Astronomers once wanted to know what the surface of the moon and Mars looked like. Now we’ve been to the moon and sent robots to Mars, so they have new and more complex problems to ponder, such as:
Are we Martians? Scientists now agree that life could survive the trip on an asteroid to Earth from Mars, and what look like microbes have been found on a meteorite. A rock from Mars hits the Earth about once a month, on average, so there was plenty of opportunity for life to have been seeded here. If we find life on Mars, and compare it to the most basic life forms here, it will help to answer the question. More questions below…
Will we be wiped out by an asteroid? One is headed our way in 2060, although there seems to be more effort to deflect it in the media (by denying that it can hit us) than by scientists who might really be able to move it into another path. Also, in the southern hemisphere (where most of these rocks come from), almost nobody is looking out for them. The asteroids themselves puzzle us. Some are solid chunks of stone or metal, while others are piles of rubble. We need to know which kind is going to hit us before we can safely bomb it into smithereens or drag it out of the way. Is there water on Mars? This will tell us whether there could have been life there in the past?or if life is there now. A big breakthrough came when ice was discovered there, but no one knows if water exists in a melted state that is conducive to life. On the other hand, life has been found in stasis in frozen parts of the Earth, meaning there may be Mars microbes in the ice that are waiting to come back to life. Dark streaks have been seen on the planet during the Martian spring that could come from running water or even a simple form of life.
Are we alone in the universe? Until we can travel far out into space, the best way to guess is to look for star systems that are similar to ours. If there are lots of them, then life is likely to be common as well. If our solar system is unique, we may be alone. One thing that has helped life to live long enough on the Earth to evolve is the presence of the giant planet Jupiter, which deflects destructive incoming asteroids. We have seen other solar systems with giant outer planets (mostly all we can see is the giant planet).
What is Dark Energy? It?s more powerful than gravity and works against it by gradually forcing everything in the universe apart. No one knows what it is or where it is, but they know it?s makes up 65% of everything in the universe. Dark matter makes up 30% of the universe, leaving us with only 5% for the matter and energy we can see. Astronomers now think that all galaxies are eventually become frozen in time or else time never ends.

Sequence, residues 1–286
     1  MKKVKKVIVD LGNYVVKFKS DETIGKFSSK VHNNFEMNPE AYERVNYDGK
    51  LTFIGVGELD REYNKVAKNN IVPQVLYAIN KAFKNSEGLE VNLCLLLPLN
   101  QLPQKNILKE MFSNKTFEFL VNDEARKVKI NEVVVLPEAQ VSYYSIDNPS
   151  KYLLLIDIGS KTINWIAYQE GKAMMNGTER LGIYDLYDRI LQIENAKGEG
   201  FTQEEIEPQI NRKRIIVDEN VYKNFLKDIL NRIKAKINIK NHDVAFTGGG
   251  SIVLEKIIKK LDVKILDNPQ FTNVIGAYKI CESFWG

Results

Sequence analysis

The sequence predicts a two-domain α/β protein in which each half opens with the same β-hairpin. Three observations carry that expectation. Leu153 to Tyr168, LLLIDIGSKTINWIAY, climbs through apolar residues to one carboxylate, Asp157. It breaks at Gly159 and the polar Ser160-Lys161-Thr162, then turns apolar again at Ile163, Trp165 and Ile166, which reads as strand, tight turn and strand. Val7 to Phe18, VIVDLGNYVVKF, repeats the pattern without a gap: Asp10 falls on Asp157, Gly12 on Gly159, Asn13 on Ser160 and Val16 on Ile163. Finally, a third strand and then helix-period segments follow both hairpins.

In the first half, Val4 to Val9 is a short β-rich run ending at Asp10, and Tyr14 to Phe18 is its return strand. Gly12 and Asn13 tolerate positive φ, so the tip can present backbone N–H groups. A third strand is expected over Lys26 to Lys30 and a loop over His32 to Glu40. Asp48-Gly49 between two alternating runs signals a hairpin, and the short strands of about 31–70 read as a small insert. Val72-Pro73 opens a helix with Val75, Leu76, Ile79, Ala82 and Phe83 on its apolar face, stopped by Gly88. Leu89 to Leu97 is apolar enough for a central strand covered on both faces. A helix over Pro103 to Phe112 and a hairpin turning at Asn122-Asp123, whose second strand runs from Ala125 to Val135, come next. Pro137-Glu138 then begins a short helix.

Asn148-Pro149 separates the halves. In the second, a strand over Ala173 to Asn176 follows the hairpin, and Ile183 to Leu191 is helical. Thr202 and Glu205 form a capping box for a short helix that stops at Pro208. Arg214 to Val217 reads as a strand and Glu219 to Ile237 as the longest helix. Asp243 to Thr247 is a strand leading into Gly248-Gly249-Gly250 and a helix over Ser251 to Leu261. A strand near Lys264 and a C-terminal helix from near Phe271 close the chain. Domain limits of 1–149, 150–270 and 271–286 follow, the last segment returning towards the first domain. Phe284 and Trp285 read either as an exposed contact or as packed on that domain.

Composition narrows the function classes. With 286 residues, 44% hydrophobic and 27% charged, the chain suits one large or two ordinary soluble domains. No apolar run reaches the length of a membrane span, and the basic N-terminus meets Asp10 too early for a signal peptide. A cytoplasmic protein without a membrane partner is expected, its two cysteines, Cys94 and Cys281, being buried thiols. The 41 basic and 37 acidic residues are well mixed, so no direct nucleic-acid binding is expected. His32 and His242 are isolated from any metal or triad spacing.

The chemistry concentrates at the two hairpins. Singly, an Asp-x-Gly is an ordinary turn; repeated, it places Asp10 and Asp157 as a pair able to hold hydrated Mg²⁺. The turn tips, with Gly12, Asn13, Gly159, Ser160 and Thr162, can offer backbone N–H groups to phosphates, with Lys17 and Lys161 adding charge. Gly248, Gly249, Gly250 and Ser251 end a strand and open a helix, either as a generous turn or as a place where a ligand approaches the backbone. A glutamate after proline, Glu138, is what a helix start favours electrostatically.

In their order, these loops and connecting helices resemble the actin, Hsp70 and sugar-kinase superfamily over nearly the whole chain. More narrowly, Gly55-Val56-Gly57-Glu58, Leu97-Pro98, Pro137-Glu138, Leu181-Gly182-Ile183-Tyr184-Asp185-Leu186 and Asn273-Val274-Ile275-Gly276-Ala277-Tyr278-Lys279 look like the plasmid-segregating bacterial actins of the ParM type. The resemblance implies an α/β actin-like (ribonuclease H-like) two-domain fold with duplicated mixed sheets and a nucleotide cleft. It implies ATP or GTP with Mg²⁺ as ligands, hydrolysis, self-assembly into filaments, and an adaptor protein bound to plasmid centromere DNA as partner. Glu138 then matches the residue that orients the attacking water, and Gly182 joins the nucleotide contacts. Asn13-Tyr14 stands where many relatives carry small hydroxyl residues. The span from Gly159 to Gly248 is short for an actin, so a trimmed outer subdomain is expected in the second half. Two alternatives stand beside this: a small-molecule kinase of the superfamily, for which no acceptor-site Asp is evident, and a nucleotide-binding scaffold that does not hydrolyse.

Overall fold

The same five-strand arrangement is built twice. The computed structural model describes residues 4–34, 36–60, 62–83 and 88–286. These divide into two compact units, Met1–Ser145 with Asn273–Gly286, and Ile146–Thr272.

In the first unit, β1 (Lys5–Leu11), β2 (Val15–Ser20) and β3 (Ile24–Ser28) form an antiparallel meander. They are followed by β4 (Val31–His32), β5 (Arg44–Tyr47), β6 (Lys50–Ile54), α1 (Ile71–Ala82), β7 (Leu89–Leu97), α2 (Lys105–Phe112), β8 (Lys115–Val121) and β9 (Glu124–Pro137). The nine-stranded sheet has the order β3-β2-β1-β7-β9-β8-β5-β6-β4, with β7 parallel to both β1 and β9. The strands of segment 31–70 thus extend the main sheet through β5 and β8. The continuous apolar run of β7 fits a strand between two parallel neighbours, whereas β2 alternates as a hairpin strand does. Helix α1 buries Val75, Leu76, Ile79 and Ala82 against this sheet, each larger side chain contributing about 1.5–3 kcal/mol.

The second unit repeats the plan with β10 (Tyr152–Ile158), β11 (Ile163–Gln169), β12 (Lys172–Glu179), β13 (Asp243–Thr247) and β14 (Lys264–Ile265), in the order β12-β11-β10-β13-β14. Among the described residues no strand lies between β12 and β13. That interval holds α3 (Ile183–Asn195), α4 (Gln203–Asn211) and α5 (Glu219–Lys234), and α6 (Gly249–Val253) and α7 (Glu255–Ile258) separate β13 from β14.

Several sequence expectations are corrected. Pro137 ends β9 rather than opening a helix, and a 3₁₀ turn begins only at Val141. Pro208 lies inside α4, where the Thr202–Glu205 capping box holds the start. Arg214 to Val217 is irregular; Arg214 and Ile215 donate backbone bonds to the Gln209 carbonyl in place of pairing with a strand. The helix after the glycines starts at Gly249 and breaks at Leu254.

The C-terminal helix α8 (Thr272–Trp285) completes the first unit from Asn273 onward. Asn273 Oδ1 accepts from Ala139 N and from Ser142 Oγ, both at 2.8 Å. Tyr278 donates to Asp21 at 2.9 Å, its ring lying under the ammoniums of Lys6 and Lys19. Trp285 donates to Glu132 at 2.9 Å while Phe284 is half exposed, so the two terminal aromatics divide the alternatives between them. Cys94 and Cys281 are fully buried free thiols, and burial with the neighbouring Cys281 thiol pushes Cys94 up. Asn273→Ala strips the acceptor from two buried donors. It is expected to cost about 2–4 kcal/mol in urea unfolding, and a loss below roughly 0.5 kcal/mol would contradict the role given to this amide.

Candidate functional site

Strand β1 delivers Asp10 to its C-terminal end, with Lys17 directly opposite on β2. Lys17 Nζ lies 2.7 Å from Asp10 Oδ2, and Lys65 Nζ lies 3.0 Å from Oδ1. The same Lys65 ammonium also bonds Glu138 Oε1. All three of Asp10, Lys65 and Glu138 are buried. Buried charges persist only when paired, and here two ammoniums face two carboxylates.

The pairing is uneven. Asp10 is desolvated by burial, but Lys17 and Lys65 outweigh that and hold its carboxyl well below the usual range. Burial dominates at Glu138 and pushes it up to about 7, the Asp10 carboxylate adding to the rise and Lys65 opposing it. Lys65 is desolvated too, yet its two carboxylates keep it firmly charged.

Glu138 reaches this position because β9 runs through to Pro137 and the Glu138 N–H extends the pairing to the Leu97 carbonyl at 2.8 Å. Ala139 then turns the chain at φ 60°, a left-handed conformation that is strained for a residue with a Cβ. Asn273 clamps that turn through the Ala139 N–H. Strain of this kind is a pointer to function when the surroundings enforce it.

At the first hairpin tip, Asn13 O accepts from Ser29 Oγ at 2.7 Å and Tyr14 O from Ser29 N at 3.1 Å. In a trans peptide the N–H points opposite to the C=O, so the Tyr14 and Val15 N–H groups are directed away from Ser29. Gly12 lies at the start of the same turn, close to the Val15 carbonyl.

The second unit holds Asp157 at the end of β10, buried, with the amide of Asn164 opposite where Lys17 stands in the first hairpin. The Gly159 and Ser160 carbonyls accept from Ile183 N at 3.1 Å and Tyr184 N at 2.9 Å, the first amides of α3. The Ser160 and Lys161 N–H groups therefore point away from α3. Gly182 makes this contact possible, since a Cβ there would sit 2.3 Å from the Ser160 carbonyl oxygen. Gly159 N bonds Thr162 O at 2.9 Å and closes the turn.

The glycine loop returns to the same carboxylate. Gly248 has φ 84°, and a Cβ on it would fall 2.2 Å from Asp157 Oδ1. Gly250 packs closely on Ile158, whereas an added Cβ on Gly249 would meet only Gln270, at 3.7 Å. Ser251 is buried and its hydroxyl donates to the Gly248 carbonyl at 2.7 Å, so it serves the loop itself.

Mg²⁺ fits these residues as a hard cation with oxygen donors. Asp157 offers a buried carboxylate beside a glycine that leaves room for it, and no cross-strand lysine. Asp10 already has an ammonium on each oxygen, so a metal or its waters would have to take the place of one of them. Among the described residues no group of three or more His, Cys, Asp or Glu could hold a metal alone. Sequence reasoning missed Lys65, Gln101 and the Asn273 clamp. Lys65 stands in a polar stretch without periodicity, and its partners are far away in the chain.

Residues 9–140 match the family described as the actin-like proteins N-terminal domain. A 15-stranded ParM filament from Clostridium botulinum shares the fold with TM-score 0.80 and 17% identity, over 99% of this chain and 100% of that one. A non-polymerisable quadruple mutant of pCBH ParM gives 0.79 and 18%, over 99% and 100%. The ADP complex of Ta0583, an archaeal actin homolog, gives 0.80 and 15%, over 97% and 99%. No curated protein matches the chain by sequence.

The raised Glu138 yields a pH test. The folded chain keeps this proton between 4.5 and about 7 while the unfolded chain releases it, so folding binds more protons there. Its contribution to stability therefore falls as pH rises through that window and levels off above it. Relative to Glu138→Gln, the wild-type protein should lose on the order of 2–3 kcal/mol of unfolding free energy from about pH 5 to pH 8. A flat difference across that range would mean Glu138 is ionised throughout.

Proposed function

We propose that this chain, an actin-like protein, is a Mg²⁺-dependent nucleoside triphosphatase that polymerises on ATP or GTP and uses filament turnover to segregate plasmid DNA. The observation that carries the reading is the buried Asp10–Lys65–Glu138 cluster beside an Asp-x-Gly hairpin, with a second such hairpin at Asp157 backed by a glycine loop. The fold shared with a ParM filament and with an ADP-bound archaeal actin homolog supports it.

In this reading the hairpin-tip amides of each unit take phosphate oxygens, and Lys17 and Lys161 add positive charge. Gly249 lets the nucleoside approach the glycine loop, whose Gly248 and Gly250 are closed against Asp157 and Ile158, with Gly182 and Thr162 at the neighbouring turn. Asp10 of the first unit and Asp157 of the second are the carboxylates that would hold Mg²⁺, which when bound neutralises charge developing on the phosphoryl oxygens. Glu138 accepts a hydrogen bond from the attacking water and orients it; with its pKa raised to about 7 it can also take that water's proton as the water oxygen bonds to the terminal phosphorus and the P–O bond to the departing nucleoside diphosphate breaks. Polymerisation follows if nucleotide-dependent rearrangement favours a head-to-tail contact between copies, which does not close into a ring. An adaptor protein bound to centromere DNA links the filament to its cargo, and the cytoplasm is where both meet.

What?s Up with the Milky Way? We now know there?s a black hole at the center of our galaxy, but it?s not sucking in everything around it, like most black holes do. Astronomers think that this giant hole might actually be a merger between two black holes, and that one switches off the activity of the other one.
What?s up with the Sun? We still don?t understand the star that gives us life, and why it roars into giant sunspot activity periodically (and how these spots affect us and the Earth?s future). New pictures of sunspots taken in 2002 reveal mysterious canal-like structures reaching from bright regions into the dark hearts of sunspots.
How old is the universe? Scientists have analyzed white dwarf stars to calculate the age of the universe. Most think it?s between 12 billion and 15 billion years old, but new dwarf sightings keep changing this estimate. Also, what exactly happened at the beginning of the universe, and what existed before that instant? Since no direct observations can be made of those time frames, we may never get those answers.
Does the Moon Hold Earth?s Secrets? Astronomers think rocks from Earth landed on the moon billions of years ago, due to asteroid impacts. If we could study those rocks, we?d learn a lot about the early history of Earth. We can?t find that out here at home, because the Earth continually recycles its surface material, folding it inward, where it melts and reforms. The moon doesn?t do this, so it?s a museum of planetary history. There are probably 11,000 pounds of Earth rock just under the surface of every square inch of the moon.
Did our solar system move? When scientists put our solar system into a computer, it says we have only 7 planets?Uranus and Neptune are missing. This is because our model of planet formation requires material to collide and stick together over millions of years. But out where Neptune and Uranus are, there was never enough material for this to work. Astronomer Alan Boss thinks the four big planets in our solar system did not develop from rocky cores, but collapsed from large gas and dust clouds. And he thinks this happened in another part of space, where there?s enough UV radiation to collapse Uranus and Neptune down to their current sizes. Then he thinks the solar system moved to its present location?a more pleasant area where life could evolve.
Man has been studying the stars for a very long time. The ancient Mayans were experts at it?did they discover a calamity that will befall us in 2012?
NOTE: This news story, previously published on our old site, will have any links removed.
Subscribers, to watch the subscriber version of the video, first log in then click on Dreamland Subscriber-Only Video Podcast link.